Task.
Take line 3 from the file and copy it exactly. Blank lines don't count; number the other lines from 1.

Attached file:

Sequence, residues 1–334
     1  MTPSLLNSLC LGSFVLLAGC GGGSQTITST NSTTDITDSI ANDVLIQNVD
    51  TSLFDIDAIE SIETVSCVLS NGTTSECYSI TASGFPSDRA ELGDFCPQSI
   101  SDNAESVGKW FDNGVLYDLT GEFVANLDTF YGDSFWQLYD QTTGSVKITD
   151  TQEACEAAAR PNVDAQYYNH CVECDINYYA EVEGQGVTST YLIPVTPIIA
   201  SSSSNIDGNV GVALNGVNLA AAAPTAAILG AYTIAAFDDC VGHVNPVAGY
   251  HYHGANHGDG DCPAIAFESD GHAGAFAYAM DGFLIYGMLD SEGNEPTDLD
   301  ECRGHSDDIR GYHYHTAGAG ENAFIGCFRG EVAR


    51  TSLFDIDAIE SIETVSCVLS NGTTSECYSI TASGFPSDRA ELGDFCPQSI